Two weeks ago, we reported that NYSE Short Interest has risen 4.5%, back over 18 billion shares near the historical record highs of July 2008 (and up 7 of the last 9 months).
We said that this dynamic means one of two things:
- Either a central bank intervenes, or a massive forced buy-in event occurs, and unleashes the mother of all short squeezes, sending the S&P500 to new all time highs, or
- Just as the record short interest in July 2008 correctly predicted the biggest financial crisis in history and all those shorts covered at a huge profit, so another historic market collapse is just around the corner.
So far not a single central bank or major policy-making institution has intervened with a major (or for that matter, any) stimulus, but the expectation that one will - be it the G-20 last weekend, China this weekend, the ECB next week or the BOJ the week after - has led to precisely one of the two postulated outcomes: as we reported yesterday, the "mother of all short squeezes" was indeed unleashed, and last week the "most shorted" stocks were up a near record 8.7%, the highest since the furious November 2008 bear market rally.
So does this mean the short squeeze - whether ordinary course of business or engineered by banks to push the price of both the S&P and oil higher so that energy companies can sell equity and repay secured bank loans (as we speculated last week) - is over? According to JPM, not just yet, even though by now the weakest hands have clearly tapped out. In fact, since there has been virtually no rotation into ETFs, the most brutal part of the squeeze may be just ahead. Here's why:
But its level remains very negative suggesting there is room for further short covering. The short interest on SPY, the biggest equity ETF, at 4.75% stands below its recent peak of 5.43% but it remains elevated vs. its level of 3.54% at the start of the year. Equity ETFs have not yet seen any significant inflows, suggesting that ETF investors have done little in actively reversing the almost $30bn of equity ETFs sold over the previous two months. CTAs, which have been partly responsible for this year’s selloff, are still short equities and they have only covered a third of the short position they opened in January. In contrast, Discretionary Macro hedge funds, Equity L/S, risk parity funds and balanced mutual funds, appear to be modestly long equities, so they are currently benefitting from the equity rally.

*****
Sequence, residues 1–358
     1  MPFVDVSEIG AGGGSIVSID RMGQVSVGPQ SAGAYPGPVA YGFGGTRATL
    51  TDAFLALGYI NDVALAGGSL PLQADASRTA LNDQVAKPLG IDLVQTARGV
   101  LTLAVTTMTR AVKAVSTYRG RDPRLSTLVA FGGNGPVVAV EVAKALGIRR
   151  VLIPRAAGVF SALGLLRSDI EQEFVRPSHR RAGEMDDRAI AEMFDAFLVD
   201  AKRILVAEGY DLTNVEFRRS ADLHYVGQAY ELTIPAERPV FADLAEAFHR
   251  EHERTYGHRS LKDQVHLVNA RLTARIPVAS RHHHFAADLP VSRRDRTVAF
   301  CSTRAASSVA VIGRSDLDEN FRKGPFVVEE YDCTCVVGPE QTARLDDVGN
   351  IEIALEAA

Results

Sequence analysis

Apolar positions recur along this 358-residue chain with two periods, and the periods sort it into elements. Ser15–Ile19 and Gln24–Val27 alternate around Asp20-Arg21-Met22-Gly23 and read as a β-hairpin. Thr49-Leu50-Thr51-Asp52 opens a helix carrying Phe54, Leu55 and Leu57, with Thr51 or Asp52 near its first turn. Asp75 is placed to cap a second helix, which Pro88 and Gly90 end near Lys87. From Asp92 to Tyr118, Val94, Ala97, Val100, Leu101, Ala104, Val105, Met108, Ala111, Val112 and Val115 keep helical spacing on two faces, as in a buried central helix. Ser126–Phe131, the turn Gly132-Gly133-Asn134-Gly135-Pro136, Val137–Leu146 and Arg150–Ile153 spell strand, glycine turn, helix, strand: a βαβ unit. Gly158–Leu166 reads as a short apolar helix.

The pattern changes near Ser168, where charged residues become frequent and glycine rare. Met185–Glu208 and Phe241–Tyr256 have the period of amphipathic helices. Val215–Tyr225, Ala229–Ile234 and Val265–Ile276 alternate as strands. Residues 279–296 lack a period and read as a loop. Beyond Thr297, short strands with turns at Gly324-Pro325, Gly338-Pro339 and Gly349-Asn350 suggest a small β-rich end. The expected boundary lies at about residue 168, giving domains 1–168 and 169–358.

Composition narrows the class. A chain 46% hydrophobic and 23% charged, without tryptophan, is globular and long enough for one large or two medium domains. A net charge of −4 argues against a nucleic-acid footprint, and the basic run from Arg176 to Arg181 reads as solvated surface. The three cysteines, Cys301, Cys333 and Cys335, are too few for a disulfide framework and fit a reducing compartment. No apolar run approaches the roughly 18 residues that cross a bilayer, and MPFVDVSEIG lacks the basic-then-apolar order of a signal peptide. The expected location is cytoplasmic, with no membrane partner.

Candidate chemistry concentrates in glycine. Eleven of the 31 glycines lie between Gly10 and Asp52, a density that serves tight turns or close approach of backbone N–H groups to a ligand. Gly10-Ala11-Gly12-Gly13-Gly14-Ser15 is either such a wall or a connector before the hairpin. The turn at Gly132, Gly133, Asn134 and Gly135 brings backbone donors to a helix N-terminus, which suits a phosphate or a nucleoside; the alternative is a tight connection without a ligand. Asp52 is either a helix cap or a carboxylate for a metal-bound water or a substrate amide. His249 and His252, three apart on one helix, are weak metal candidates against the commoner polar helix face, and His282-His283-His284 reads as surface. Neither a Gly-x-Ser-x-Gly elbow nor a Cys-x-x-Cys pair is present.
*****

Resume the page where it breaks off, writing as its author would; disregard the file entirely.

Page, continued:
Is it possible that the short squeeze can take the S&P another 100 points higher, reaching Goldman's 2016 year-end target even as GAAP EPS have crashed to just over 90, and which would mean that the market when valued on a GAAP basis would be at 22x earnings and the most expensive it has ever been? Of course it is, even if that will make the S&P500 the most overbought, and overvalued in history, and just ripe for the next wave of short selling.
So for all those eager to short the S&P but unsure when to do it, keep an eye on the SPY short interest and CTA net exposure. Breakout failures would mean this week's roundhouse punch to the face of market shorts may be as bad as it gets. On the other hand, if the covering momentum is only just starting, and now it is the ETFers and CTA's turn to pick up the baton, the next move higher in this bear market squeeze could easily take the S&P500 to new all time highs.